Several things in Sensei’s lectures attracted us. First of all, there was our discovery on being led into an unfamiliar, distant world that, surprisingly enough, shared many intellectual and emotional problems with our own world. Sensei never attempted to “modernize” the thought of the writers of the past, but pointed out instead their essential points and their perennial, universal qualities. His students realized that whatever he discussed—whether Shingon Buddhism, the Chu Hsi school of Confucianism or the Shinto of Motoori Norinaga—was necessary information for the understanding of modern Japan; at the same time, they realized that these topics marked important stages in the history of mankind as a whole, and they felt the narrowness of the traditional Western-oriented education they had hitherto received. His classes gave students the pleasure of participating in an intellectual adventure.

Sir George Sansom (left), widely known as the premier Western historian of Japan, called Tsunoda Sensei (right) the father of Japanese studies in America.
His lectures, despite his advanced years, were full of enthusiasm, and his opinions were not only original but poetic. Sensei’s first lecture in his course on the history of Japanese thought was unforgettable. It dealt with the importance of the sun, mountains, and the water at the dawn of Japanese civilization. He gave numerous examples, and analyzed psychological characteristics of the Japanese still surviving to this day that stem from these three factors. The lecture captured the imagination of the students with its tone, at once pragmatic and poetic. When Sensei lectured about the yin-yang system of thought, he did not dismiss it as mere superstition in the manner of some scholars, but discussed it as an attempt to classify the phenomena of the universe, and made us respect the men of ancient times who had devised it.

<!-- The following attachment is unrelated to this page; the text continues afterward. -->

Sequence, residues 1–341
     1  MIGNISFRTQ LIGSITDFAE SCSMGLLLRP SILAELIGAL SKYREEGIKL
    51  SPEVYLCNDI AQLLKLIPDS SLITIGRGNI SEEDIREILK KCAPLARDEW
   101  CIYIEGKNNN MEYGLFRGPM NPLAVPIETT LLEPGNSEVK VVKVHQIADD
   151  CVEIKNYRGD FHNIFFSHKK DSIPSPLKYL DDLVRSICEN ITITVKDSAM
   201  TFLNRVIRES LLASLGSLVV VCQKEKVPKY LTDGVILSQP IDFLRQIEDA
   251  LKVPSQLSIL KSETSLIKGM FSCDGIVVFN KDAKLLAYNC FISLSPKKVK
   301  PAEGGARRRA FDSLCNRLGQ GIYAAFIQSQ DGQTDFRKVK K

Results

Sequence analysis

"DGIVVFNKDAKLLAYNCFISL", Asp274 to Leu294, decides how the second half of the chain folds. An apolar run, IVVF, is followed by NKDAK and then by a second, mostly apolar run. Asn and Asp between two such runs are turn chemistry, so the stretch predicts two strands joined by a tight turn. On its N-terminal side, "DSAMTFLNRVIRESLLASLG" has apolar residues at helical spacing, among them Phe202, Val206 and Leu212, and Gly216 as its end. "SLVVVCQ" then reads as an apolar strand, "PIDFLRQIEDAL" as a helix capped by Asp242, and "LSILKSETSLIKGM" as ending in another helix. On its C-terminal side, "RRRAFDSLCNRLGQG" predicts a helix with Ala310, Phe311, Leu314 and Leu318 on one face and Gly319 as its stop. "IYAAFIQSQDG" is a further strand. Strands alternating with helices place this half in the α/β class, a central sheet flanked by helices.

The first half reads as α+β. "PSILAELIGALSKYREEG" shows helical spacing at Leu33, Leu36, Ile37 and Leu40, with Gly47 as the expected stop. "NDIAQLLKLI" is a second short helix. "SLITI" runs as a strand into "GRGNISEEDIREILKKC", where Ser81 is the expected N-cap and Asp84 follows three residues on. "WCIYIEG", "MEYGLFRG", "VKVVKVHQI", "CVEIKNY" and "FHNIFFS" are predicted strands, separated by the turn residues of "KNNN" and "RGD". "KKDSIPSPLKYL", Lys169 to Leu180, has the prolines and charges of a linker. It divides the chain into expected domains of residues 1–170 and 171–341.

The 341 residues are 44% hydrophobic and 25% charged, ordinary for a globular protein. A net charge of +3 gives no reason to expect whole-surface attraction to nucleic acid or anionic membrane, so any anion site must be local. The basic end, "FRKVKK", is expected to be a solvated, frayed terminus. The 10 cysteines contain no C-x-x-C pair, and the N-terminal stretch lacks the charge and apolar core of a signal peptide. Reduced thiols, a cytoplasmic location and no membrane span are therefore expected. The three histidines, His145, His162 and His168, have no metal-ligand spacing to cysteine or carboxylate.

Sensei was interested in every period of Japanese intellectual history, but the independent thinkers of the Tokugawa period seem to have attracted him most. Immediately after the end of the war the young people who were attempting to build a new, democratic Japan preached the necessity of making a clean sweep of the old traditions as feudalistic, but Sensei, who believed deeply in democracy, wondered if there were not a connection between Japanese tradition and modern men, and if there was nothing in tradition that might prove of use to the Japan of the future.